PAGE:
Part I: Did you have personal experiences with Pat Green? Based on those experiences, how did you feel about her? Can you give concrete examples?
Part II: Do you have any thoughts/ideas about why Pat Green is leaving?
Part III: Looking to the future, what qualities do you think are important for the next superintendent?
Obviously, I don't agree with every comment in the survey, but much of what was written resonates with me!
Could I see that this was coming? No. I didn't necessarily think Pat Green would stick around for five years, but I was surprised this happened so quickly. However, the school board was about to begin the Superintendent Evaluation. In fact, I think that we can likely trace her resignation to this, as noted in the Ann Arbor Chronicle on March 27, 2013:
Earlier that evening [March 20th], the trustees met in closed session with Green to go over her interim mid-year evaluation. Because it was an informal evaluation, the board did not release an official statement.So do I tie Pat Green's resignation to this event? Yes, I do.
[And by the way, thanks once again to the Ann Arbor Chronicle's detailed reporting--thanks especially to Monet Tiedemann and Jennifer Coffman, present and past Chronicle education reporters. If you would like to support their work, you can do that here.]
Certainly board members had heard from plenty of residents about communication issues. I imagine they had heard from plenty of teachers and administrators about her lack of engagement with the schools.
Publicly, at that same March 20th meeting, board member Christine Stead had suggested they use the evaluation rubric from the Michigan Association of School Boards that looks at these practice areas:
The rubric Stead presented was developed by the Michigan Association of School Boards (MASB) and contains suggestions for rating superintendents as ineffective, minimally effective, effective, or highly effective in 11 categories: relationship with the board; community relations; staff relationships; business and finance; educational leadership; personal qualities; evaluation; progress toward the school improvement plan (SIP); student attendance; student/parent/teacher feedback; and student growth and achievement.At least to me, Pat Green seemed very weak in community relations; staff relationships; educational leadership; evaluation; and student/parent/teacher feedback.
Recent Ann Arbor Chronicle articles gave other hints of trouble (beyond the criticisms about Pat Green's lack of communication with parents, teachers, and principals). At the March 13, 2013 meeting, the Student Intervention and Support Services report was met with a marked lack of enthusiasm. Again, per the Ann Arbor Chronicle:
While trustees were appreciative of the report, their feelings were best summed up by trustee Andy Thomas’s concerns: Trustees were “struck by the complete absence of any metrics” in the report and were disappointed by the absence of clearly defined goals and next steps.[Oh--and by the way--the lack of data here leads directly into a conversation about how, whether, or when the district can/should reduce certain types of support for students with IEPs. Without data, how can you decide if you're doing the right thing?]
At that same meeting, in a discussion of the Roberto Clemente program (and the administration's recommendation to move the program to Pioneer), board trustees had this to say:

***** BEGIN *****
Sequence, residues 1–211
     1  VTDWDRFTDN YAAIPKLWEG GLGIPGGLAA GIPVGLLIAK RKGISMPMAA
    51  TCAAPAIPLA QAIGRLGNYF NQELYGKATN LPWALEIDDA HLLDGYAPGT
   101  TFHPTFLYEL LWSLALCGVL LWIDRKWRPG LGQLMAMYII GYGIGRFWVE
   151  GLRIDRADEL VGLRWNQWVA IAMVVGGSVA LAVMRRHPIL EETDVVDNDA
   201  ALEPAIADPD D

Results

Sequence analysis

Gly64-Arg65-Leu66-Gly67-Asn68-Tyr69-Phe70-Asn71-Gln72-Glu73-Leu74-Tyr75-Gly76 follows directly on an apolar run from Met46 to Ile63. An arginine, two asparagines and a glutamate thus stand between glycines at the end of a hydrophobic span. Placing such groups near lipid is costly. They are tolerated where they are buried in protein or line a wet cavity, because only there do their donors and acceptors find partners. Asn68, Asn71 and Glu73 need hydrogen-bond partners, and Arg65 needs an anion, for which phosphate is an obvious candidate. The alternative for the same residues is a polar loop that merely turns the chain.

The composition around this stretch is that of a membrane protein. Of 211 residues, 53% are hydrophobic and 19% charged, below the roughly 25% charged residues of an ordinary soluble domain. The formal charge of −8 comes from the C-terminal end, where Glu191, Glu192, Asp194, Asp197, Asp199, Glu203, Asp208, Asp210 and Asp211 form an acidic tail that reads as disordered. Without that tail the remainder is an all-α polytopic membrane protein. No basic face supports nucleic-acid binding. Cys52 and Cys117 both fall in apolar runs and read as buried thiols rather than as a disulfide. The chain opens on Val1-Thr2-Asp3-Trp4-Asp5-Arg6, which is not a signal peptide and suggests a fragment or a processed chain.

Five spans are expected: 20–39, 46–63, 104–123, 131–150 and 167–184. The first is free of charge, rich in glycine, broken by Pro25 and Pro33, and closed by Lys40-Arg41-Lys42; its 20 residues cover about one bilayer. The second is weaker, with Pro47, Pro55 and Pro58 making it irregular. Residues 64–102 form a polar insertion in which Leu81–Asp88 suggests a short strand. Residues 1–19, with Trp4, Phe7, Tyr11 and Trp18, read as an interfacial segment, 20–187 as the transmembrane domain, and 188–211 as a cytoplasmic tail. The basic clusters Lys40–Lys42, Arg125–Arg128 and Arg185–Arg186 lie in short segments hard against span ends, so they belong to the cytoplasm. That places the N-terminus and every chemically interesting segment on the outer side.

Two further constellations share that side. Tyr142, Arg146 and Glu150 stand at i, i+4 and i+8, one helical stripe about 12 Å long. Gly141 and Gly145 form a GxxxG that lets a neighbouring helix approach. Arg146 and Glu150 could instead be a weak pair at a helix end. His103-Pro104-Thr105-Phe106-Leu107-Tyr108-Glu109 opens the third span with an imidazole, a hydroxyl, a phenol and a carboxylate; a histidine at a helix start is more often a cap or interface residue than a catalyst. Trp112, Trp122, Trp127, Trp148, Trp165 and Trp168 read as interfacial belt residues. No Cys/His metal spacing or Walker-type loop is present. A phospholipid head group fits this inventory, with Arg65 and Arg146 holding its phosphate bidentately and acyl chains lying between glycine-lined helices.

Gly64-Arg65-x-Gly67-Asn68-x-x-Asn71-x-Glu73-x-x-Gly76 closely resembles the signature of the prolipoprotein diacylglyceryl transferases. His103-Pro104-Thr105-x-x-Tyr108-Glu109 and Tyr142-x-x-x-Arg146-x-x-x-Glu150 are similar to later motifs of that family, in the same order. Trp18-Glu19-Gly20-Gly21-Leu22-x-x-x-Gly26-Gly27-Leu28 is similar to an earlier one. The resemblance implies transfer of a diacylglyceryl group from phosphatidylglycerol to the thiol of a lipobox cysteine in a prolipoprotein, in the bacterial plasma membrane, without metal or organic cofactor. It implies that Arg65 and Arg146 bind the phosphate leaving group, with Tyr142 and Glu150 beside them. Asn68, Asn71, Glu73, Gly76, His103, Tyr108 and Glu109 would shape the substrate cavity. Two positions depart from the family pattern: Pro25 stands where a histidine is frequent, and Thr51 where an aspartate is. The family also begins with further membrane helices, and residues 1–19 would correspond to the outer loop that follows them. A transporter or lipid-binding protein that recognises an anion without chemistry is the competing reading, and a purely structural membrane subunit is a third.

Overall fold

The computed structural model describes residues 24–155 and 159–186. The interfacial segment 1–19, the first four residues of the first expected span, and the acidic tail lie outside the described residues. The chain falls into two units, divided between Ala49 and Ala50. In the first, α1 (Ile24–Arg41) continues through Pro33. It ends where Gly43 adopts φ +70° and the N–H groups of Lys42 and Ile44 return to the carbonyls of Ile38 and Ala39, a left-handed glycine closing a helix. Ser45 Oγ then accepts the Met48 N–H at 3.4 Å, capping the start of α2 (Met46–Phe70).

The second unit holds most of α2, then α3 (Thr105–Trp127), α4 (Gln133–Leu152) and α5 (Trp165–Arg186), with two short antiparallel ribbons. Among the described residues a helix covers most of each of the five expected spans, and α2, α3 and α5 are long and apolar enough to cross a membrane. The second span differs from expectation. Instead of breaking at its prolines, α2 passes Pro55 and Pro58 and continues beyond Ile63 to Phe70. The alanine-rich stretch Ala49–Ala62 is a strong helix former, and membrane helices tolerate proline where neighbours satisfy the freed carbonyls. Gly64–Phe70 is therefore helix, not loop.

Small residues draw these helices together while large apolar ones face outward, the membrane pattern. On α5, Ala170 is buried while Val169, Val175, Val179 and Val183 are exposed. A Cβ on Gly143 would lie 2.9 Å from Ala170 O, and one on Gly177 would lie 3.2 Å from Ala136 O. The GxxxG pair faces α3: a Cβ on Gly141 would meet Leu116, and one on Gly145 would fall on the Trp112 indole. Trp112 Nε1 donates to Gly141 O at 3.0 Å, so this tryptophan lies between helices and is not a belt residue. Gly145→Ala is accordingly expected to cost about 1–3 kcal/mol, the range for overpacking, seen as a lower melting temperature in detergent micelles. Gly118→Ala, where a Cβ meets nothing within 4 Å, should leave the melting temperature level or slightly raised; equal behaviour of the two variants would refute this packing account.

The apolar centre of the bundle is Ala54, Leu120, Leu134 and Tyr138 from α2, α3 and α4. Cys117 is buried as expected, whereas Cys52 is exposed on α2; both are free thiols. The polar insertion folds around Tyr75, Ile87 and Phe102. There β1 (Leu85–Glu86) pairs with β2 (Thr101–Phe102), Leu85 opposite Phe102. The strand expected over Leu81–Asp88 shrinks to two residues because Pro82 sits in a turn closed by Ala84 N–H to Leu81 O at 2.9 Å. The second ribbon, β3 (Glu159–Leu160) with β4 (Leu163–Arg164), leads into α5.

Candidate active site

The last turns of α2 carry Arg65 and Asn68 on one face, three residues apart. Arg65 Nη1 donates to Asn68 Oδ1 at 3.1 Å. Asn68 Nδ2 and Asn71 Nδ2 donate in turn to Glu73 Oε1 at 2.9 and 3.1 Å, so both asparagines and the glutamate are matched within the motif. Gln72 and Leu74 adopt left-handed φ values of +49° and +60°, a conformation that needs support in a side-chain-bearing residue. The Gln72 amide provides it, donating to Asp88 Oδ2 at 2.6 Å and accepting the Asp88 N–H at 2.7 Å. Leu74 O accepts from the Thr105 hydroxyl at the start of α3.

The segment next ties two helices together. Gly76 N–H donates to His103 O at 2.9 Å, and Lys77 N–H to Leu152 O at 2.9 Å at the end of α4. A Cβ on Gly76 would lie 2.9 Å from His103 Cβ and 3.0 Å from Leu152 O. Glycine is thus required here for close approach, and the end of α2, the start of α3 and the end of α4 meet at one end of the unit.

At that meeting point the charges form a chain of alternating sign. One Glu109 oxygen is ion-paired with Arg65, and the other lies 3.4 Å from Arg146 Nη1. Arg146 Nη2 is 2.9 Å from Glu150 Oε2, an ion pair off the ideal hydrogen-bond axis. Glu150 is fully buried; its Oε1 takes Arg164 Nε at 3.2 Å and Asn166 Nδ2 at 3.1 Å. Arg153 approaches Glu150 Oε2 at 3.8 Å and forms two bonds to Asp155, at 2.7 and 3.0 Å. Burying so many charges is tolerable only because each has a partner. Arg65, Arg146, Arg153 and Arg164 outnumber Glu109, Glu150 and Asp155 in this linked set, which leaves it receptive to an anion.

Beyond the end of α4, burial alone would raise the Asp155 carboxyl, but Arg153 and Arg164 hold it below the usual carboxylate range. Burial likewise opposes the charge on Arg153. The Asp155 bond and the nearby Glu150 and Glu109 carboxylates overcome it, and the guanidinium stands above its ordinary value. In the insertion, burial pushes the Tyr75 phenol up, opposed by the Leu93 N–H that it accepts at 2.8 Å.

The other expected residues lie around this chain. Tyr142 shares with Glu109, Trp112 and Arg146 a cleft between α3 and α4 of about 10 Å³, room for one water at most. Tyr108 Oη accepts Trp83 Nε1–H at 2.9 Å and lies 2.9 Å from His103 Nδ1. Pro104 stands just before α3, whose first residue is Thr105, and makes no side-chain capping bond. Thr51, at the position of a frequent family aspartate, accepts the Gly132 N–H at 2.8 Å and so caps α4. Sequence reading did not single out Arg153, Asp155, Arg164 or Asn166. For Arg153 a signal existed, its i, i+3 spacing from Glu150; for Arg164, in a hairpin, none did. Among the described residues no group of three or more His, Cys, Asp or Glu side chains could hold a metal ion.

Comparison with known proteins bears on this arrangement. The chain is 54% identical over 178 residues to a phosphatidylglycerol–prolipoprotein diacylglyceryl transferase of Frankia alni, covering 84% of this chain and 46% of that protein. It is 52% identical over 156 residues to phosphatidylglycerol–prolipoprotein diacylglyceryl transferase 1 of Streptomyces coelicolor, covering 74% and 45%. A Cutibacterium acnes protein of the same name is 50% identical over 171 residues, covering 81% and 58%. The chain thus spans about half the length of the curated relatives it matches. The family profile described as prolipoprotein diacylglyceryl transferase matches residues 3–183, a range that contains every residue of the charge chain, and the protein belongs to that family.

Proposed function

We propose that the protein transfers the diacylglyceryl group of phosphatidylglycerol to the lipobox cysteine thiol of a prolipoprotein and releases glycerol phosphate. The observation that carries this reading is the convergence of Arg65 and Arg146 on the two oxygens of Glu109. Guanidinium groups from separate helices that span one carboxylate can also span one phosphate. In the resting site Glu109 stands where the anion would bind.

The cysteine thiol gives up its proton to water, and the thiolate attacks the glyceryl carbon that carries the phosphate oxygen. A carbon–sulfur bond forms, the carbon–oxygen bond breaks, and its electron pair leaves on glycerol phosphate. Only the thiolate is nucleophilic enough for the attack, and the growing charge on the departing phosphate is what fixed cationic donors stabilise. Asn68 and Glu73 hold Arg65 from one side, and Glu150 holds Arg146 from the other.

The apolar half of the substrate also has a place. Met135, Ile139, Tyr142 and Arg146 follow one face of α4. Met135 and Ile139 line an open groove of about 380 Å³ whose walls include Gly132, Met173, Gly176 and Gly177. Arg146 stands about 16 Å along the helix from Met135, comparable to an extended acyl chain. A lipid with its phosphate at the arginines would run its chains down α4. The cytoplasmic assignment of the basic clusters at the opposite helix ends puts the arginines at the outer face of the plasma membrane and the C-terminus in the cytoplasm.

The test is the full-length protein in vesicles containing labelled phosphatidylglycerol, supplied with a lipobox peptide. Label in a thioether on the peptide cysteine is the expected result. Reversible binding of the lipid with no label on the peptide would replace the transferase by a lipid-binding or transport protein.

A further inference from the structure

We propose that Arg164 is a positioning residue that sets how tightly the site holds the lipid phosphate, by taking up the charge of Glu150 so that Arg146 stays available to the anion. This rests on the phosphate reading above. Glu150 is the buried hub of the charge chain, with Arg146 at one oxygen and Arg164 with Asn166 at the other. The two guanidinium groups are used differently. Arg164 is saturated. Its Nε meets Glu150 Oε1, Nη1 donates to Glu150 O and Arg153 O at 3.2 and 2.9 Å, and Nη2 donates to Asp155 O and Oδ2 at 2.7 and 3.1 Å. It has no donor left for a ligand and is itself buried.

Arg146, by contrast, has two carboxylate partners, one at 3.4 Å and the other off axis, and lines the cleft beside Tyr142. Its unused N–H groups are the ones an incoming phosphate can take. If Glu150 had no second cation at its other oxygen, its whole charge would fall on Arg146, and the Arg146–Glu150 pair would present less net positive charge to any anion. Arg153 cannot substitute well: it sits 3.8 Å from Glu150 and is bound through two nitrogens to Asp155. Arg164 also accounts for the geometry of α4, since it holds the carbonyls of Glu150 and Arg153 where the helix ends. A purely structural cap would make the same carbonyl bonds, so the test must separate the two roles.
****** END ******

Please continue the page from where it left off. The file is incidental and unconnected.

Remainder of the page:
Several of the trustees were appreciative of the work that went into the report. Lightfoot, however, was troubled to have the “same suggestions we had last year.” Thomas said he had hoped the board would receive an evaluation of the effectiveness of the Clemente program. . . The trustees did have some concerns about the future leadership of Clemente. Forty percent of the projected savings, Thomas noted, came from the elimination of the principal position. He was skeptical of Flye’s assertion that the real value of Clemente had more to do with individual teachers and what goes on in the classroom than with the leadership of the school.And after the February 27th meeting, the Ann Arbor Chronicle reported the following:
1) On start times:
Alesia Flye, deputy superintendent of instruction, reported on the results of the district-wide survey on school start times. . . Trustees seemed unimpressed by the survey and the recommendation. Susan Baskett said she found the survey confusing and suggested the committee reach out to experts when crafting future surveys.2) About trimester vs. semester high school scheduling:
Stead said she was confused about the work of the committee. She said she thought they were looking into trimester versus semester scheduling because some parents had brought concerns about the kinds of gaps that occur in the core subjects. There was no data on the impact of the magnet programs. If magnet programs were so important and valuable, the board needed to see that data. If this was only about the budget, then the report that had been submitted was fine. But if they were trying to figure out which model was best, and if they had substantive data that showed the trimester model worked better for students, then they should move all of the comprehensive high schools to trimesters.
The trustees took issue with the way the charts broke down the additional costs associated with Skyline. Thomas said he had assumed that the higher cost of Skyline could be attributed to the trimester system, but based on the information presented, nothing showed that it was more expensive to run trimesters than semesters with a seventh hour. The increased cost of Skyline came from its lower enrollment number and its student-to-teacher ratio.
Nelson said using the actual enrollment and the actual FTEs obscures the analysis rather than helps it.
4) More on high school scheduling: